Basketball

As the Soviet Union, Russia was traditionally very strong in basketball, winning various Olympic tournaments, World Championships and Eurobasket. As of 2009 they have various players in the NBA, notably Utah Jazz forward Andrei Kirilenko, and are considered as a worldwide basketball force. In 2007, Russia defeated world champions Spain to win Eurobasket 2007. Russian basketball clubs such as PBC CSKA Moscow (2006 and 2008 Euroleague Champions) have also had great success in European competitions such as the Euroleague and the ULEB Cup.

Ice hockey

Although ice hockey was only introduced during the Soviet era, the national team soon dominated the sport internationally, winning gold at seven of the nine Olympics and 19 of the 30 World Championships they contested between 1954 and 1991.[citation needed] Russian players Valeri Kharlamov, Sergei Makarov, Viacheslav Fetisov and Vladislav Tretiak hold four of the six positions on the IIHF Team of the Century.[71] As with some other sports, the Russian ice hockey programme suffered after the breakup of the Soviet Union, with Russia enduring a 15 year gold medal drought. At that time many prominent Russian players made their careers in the National Hockey League (NHL). In recent years Russia has reemerged as a hockey power, winning back to back gold medals in the 2008 and 2009 World Championships, and overtaking Team Canada as the top ranked ice hockey team in the world, but then lost to Canada in the quarter-finals of the 2010 Olympics and 2010 World Junior Championship.[72] The Kontinental Hockey League (KHL) was founded in 2008 as a rival of the NHL.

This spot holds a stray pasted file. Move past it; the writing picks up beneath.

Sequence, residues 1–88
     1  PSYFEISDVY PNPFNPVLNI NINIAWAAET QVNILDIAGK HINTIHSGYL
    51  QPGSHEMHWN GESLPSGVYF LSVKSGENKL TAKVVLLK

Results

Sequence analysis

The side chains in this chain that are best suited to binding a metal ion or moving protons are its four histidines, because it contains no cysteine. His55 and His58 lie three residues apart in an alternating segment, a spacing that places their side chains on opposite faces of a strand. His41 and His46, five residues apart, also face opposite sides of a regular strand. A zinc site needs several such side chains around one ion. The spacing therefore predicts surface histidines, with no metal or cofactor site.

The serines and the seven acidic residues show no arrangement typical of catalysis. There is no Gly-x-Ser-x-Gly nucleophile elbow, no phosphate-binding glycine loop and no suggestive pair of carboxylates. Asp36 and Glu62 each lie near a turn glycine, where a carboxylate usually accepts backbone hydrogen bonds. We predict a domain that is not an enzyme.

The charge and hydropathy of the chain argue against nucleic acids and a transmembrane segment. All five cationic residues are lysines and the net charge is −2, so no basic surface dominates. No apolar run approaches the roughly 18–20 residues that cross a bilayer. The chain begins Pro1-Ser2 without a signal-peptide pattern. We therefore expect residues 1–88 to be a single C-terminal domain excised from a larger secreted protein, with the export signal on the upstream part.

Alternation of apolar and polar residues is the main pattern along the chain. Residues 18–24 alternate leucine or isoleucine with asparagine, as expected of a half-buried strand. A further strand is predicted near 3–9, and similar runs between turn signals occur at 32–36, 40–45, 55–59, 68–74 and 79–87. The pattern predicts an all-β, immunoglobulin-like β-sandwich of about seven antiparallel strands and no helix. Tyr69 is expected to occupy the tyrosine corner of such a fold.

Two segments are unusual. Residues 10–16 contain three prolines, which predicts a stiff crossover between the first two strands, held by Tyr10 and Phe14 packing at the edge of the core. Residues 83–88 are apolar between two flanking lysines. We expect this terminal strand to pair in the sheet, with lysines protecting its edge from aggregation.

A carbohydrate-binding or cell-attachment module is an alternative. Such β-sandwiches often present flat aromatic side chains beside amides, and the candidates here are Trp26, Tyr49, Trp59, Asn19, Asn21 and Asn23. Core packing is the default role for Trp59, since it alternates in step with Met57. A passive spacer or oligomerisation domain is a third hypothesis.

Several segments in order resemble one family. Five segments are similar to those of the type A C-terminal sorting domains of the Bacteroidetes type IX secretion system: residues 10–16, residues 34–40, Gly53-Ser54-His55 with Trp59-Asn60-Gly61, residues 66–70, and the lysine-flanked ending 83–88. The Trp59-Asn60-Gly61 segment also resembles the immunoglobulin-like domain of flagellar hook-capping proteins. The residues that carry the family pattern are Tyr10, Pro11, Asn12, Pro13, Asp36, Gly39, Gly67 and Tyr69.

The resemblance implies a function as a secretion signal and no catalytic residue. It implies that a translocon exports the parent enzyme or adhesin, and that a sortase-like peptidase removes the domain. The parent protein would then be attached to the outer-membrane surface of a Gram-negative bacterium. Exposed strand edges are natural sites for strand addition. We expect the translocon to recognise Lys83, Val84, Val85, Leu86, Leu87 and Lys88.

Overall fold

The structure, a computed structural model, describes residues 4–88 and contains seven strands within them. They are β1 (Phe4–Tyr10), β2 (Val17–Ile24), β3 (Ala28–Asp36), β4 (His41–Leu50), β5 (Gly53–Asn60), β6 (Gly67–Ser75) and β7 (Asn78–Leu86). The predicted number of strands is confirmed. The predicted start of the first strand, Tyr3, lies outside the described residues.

Bandy, known in Russian as "hockey with a ball", is another traditionally popular ice sport, with national league games averaging around 3,500 spectators.[73] The Soviet Union won all the Bandy World Championships from 1957 to 1979.

Football

During the Soviet period, Russia was also a competitive footballing nation. Despite having fantastic players, the USSR never really managed to assert itself as one of the major forces of international football, although its teams won various championships (such as Euro 1960) and reached numerous finals (such as Euro 1988). Along with ice hockey and basketball, football is one of the most popular sports in modern Russia. In recent years, Russian football, which downgraded in 1990-s, has experienced a revival. Russian clubs (such as CSKA Moscow, Zenit St Petersburg, Lokomotiv Moscow, and Spartak Moscow) are becoming increasingly successful on the European stage (CSKA and Zenit winning the UEFA Cup in 2005 and 2008 respectively). The Russian national football team reached the semi-finals of Euro 2008, losing only to eventual champions Spain.